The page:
Art is supposed to be a way to express yourself, not make money. But why do most artists have day jobs? What does an artist/gallery owner think about this gap between art and money? I asked her some questions about Sparkly Jewelry, a small online jewelry store she co-owns that sells handmade pieces.
How did you get started making jewelry for Sparkly Jewelry?
I had been making jewelry for years and selling them on Etsy, but the work was too time consuming to sell at a reasonable price. I considered selling my jewelry wholesale to other stores or wholesaling individual pieces, but the only place they could be sold was through other people’s art stores at a much higher price.
What made you decide to open your own art store?
Sparkly Jewelry came about after a friend suggested we co-own an online business together. She had experience with online businesses and I knew how to make jewelry so it seemed like a good fit for us both.
Why did you name it Sparkly Jewelry?
We wanted something catchy as well as unique and sparkly jewelry is different from most of the other styles out there. We also wanted something easy to remember so we decided on sparklyjewelry.com instead of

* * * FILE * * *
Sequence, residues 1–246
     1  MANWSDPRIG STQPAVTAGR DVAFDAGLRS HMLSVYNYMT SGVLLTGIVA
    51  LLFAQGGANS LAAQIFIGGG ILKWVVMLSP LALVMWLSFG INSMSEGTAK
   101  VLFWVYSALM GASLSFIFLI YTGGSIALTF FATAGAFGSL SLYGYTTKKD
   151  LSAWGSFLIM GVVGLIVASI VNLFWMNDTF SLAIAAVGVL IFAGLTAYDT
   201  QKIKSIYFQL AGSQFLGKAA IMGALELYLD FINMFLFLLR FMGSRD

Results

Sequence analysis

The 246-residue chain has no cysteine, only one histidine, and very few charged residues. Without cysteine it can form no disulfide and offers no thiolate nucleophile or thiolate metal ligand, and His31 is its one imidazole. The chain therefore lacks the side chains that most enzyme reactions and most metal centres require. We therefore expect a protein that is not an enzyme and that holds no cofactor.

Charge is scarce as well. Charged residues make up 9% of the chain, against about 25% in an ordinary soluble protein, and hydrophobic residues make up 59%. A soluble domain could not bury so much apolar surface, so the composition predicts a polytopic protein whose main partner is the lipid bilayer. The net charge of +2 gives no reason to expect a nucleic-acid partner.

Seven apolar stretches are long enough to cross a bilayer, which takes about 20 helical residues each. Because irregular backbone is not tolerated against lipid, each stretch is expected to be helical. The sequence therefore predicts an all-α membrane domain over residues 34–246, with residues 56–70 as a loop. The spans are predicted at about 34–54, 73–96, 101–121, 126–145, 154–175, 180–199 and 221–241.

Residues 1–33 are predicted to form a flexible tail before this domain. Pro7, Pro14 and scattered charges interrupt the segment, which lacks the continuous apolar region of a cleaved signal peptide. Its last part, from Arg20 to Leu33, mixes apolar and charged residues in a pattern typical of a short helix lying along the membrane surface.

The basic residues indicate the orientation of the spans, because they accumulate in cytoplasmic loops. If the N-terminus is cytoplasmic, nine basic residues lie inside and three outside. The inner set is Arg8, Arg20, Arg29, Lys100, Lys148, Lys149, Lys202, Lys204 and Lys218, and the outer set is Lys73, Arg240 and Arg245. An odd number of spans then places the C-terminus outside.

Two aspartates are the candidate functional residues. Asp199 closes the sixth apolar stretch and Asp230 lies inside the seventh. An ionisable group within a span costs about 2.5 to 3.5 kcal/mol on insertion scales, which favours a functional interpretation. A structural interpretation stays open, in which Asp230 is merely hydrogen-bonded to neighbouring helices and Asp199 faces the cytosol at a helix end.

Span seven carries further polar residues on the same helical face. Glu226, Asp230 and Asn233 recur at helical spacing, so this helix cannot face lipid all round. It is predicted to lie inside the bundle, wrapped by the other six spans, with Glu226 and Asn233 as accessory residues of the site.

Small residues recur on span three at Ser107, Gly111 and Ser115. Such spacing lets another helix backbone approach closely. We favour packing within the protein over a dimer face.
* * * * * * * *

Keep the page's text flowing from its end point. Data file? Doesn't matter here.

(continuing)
Q. Why did you start an online art gallery?
A. I like Sparkly Jewelry and other fun items, so I thought that if I opened my own online art gallery, it would be a convenient way to sell them.
Q. What do you mean by “online art gallery”?
A. The items I sell on my site are both functional and decorative, but they are also pieces of art that people can enjoy just for their aesthetic qualities. In fact, I think of the jewelry as wearable sculpture…
Q. Why do you think people should buy something from your online art gallery?
A. My studio is located in a small town in Kansas, where there is not much business competition. I am able to offer the best possible prices on all of my items because I don’t have to pay for expensive storefronts or fancy signage…
Q. Do you have any suggestions for people who want to decorate their homes with pieces of art?
A. Please visit my website at http://www.SparklyJewelryOnlineArtGallery.com .**
Q: What inspired you to start your own business? A: After years of working at other people’s businesses, I realized that if I wanted to be successful, it
Sparkly Jewelry really can be Art. Any object can be art if the artist says it is. But, there are various factors in the decision making process of whether or not an object will become art. Factors like how many people agree with you that it is art, and how much money you paid for it. However, truly great art comes from the heart and soul, not from what you paid for it.